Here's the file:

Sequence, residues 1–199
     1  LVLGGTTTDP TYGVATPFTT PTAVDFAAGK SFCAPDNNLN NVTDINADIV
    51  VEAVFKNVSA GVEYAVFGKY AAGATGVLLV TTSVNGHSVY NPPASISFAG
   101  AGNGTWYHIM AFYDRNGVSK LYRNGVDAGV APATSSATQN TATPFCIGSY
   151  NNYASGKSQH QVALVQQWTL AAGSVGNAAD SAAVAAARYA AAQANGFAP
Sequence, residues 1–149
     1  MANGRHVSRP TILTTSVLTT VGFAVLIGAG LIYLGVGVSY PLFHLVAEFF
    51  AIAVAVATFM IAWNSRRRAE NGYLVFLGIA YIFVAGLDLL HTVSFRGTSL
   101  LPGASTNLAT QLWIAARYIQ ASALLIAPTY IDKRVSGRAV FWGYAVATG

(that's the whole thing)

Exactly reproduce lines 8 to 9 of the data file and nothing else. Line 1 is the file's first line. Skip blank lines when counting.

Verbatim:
    51  AIAVAVATFM IAWNSRRRAE NGYLVFLGIA YIFVAGLDLL HTVSFRGTSL
   101  LPGASTNLAT QLWIAARYIQ ASALLIAPTY IDKRVSGRAV FWGYAVATG